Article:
Homespun: Tales from Rural NL

Friday, October 12, 2018 - 8:00pm to 9:00pm
The Signal Hill Interpretation Centre, Annex Room

$15 at the door; cash only
Wheelchair accessible venue

Join us for a warm and wonderful evening of tales and recitations woven in rural Newfoundland and Labrador. Journey through Labrador fishing for char, getting caught in snowstorms, and embarking on long winter walks; relive resettlement stories and connect with rural roots. Hosted by Marion Counsel and featuring Angus Andersen, Elizabeth Penashue, and more. This is a fan favourite and always a highlight of the festival!

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Marion Counsel grew up on Red Island, Placentia Bay. She was a teenager when her family resettled in the town of Placentia during the “Resettlement Program” of the 1960’s.

Marion has written many recitations, stories and songs about these experiences, mainly as a keepsake for her son Michael, but also, to help preserve her memories of out port life in Newfoundland and Labrador.

She has compiled her work and created “Red Island – Resettlement Girl” and has performed it in many venues on the Avalon Peninsula

Born into a nomadic family, Elizabeth Penashue learned to write in Innu-aimun as a child and began keeping diaries systematically in the 1980s during the Innu campaign against NATO low level flying and weapons testing on Innu land. She is well known in Nitassinan as well as nationally and internationally as a cultural and environmental activist. For many years she led an annual weeks-long spring walk on traditional Innu hunting trails and a summer canoe trip on the Mishta-Shipu to teach people about Innu culture and respect for the land. Elizabeth’s work has been recognized by a National Aboriginal Achievement Award, an honorary doctorate from Memorial University and, most recently, a Labradorians of Distinction award. She has featured in numerous film and radio interviews and profiles, newspaper and magazine articles and consultations, including testifying before the International Human Rights Tribunal in the Hague and speaking at Harvard University. She recently completed a book based on her diaries, stories and essays (forthcoming from the University of Manitoba Press) and she continues to speak publicly about environmental, cultural and human rights issues. She states: “I don’t like to walk on pavement. I want to be connected to the earth, to feel the moss and the forest floor beneath my feet. I believe the spirits of those who have gone before us are still there in nutshimit and I have a responsibility to them. I will never give up my work, which is to protect the animals, the trees, the children, everything in the circle of life.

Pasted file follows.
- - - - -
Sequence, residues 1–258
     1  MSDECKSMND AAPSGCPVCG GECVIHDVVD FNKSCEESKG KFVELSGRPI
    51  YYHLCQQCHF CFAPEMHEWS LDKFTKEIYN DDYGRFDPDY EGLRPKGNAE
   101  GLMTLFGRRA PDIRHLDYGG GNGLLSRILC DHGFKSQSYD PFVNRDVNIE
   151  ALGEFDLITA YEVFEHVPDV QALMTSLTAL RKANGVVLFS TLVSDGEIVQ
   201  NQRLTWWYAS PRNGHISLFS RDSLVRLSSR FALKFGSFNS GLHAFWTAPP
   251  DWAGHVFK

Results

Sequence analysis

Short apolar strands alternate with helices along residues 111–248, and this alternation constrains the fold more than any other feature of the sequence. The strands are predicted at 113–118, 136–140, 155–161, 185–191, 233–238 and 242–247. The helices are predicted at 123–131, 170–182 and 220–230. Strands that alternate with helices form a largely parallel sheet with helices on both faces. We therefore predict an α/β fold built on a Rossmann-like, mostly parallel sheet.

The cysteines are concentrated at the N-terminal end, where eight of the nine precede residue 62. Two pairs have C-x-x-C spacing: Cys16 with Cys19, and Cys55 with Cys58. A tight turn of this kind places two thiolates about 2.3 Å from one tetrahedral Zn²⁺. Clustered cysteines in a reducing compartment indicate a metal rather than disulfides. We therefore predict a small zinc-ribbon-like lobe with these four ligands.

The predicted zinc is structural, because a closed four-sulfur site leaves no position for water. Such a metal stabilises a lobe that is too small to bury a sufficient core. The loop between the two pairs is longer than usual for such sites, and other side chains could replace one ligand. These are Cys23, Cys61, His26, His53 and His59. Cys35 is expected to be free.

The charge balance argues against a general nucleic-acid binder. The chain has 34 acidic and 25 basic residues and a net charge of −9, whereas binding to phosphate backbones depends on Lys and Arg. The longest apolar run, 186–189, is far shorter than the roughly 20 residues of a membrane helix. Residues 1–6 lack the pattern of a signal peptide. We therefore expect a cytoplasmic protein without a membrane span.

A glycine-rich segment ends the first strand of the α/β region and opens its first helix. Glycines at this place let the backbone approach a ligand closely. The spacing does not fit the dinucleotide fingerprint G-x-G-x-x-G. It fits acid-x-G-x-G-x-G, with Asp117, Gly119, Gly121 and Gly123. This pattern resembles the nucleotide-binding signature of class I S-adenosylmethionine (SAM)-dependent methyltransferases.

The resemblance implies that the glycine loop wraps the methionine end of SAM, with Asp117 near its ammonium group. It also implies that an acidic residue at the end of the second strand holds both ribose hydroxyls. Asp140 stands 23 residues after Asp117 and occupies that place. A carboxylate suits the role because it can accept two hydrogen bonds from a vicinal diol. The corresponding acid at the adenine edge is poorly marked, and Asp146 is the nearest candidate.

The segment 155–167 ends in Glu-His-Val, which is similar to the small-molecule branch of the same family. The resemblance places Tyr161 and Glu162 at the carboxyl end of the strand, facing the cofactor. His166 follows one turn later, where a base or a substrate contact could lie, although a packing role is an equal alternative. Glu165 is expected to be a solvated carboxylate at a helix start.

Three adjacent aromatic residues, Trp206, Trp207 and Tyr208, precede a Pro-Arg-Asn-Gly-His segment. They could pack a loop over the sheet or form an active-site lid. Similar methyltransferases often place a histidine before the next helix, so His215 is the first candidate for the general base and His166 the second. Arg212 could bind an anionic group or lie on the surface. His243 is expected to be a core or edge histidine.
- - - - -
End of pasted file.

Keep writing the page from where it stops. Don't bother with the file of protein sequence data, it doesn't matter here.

Please check the event page for additional teller bios which were not available at the time of posting.
More tellers to be announced shortly!